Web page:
Pendleton does not believe she's spreading herself too thin
OLYMPIC gold medallist Victoria Pendleton is broadening her horizons in time for London 2012 but she admits she will not become a jack - or jill - of all trades and a master of none.
FOCUSED: Victoria Pendleton is looking at the bigger picture of London 2012 - even if she won't be on top form at the World Championships (Getty Images)
With a women's keirin and a team sprint introduced to the Olympic programme for the first time in London 2012 Pendleton will get her wish and have three shots at gold on home soil.
Her team sprint partnership with Jess Varnish is flourishing and the duo have claimed silver and gold at the first two UCI World Cups in Melbourne and Cali, Colombia while in the keirin - by her own admission her weaker event - she managed gold in South America after a disappointing outing Down Under.
As a result however, Pendleton has had to settle for silver on both occasions in her blue riband event - the individual sprint - in which she is the Olympic champion and five-time world champion.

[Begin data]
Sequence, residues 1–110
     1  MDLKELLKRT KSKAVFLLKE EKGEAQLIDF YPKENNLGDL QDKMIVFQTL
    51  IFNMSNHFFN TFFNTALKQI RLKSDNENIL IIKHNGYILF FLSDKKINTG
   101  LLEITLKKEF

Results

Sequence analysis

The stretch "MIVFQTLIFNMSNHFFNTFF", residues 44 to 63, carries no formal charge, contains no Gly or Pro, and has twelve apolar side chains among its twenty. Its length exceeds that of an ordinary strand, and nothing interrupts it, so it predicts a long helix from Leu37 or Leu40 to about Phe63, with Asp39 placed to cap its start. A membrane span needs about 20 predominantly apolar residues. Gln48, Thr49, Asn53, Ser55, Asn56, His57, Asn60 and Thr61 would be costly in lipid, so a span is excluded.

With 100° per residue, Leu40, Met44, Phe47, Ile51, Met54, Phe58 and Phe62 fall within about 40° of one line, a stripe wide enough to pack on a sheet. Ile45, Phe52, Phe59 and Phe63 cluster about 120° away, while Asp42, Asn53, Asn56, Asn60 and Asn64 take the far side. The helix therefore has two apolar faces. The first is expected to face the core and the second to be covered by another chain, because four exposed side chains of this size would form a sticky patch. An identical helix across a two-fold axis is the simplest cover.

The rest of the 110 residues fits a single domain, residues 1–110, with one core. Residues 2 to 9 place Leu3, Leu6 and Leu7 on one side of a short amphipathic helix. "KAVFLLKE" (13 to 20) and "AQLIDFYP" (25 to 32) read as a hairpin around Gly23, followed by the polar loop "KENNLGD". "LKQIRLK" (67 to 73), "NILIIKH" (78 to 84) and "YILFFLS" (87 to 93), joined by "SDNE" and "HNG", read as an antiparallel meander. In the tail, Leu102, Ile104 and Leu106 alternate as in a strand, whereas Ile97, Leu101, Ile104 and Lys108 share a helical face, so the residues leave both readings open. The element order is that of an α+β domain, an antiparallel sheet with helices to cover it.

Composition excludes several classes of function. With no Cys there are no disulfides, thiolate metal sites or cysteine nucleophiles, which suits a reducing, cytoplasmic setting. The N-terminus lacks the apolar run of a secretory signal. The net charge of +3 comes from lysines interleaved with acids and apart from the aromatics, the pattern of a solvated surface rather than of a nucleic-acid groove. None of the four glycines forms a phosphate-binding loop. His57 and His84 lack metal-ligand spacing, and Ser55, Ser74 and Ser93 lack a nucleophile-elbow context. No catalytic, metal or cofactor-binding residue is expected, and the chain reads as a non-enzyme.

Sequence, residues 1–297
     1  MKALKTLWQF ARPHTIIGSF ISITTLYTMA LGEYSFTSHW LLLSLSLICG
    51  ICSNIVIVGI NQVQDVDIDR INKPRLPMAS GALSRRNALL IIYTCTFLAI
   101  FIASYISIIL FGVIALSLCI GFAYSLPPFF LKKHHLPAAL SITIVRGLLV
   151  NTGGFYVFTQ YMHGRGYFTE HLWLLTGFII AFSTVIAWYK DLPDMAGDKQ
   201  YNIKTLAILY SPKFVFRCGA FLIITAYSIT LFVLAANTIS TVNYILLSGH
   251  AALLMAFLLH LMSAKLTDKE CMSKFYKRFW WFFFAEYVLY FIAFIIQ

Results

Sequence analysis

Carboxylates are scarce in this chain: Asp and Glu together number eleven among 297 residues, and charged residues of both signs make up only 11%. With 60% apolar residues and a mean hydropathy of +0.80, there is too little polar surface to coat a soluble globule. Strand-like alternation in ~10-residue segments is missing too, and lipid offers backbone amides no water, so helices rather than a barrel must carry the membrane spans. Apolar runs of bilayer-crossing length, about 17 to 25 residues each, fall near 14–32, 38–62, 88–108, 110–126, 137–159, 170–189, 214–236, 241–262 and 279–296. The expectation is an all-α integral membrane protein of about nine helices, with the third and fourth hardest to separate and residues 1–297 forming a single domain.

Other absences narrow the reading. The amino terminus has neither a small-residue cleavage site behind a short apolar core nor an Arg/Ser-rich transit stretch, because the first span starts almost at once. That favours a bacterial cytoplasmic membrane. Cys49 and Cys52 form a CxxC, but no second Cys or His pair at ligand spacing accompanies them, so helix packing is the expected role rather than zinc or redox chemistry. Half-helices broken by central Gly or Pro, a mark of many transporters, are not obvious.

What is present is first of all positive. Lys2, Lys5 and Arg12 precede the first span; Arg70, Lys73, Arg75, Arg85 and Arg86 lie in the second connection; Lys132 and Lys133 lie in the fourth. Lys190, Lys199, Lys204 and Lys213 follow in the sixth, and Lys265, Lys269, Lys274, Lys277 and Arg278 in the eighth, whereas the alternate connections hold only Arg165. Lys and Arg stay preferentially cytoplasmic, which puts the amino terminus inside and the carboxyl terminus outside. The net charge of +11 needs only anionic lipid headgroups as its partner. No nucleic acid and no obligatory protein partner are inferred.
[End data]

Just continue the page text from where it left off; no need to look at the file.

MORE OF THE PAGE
In Cali she failed to top the podium despite the absence of Australian rival Anna Meares - the Commonwealth champion and Beijing 2008 silver medallist.
But Pendleton is convinced she will not spread herself too thin - even if it means sacrificing her world title in the Netherlands in March.
"My training programme is very much a two-year cycle leading up to the London Olympics and so I haven't put as much emphasis on the World Championships as I have done before," said Pendleton.
"I made the decision a while ago that I would happily sacrifice a bit of form in order to make myself a better athlete in 2012.
"But I am happy with my form at the moment. I trained straight through the recent World Cups and so I know I can be a lot stronger for the big events."
Partly because of the removal of some events from the London 2012 schedule - namely the individual pursuits in which Bradley Wiggins and Rebecca Romero are reigning champions - and partly because only one rider for nation is allowed to compete in each Olympic event, Great Britain will be hard pushed to repeat their Beijing heroics.
In the Laoshan Velodrome, Great Britain collected seven of the ten gold medals on offer and Pendleton admits she and her compatriots will between numerous crosshairs in London 2012.
"There will be a lot of countries looking to beat us on home turf so I think it will be hard to come away with as many golds as last time," she added.
"But we're in a very strong position and people are in very good shape when you compare us to this stage prior to the Beijing Olympics."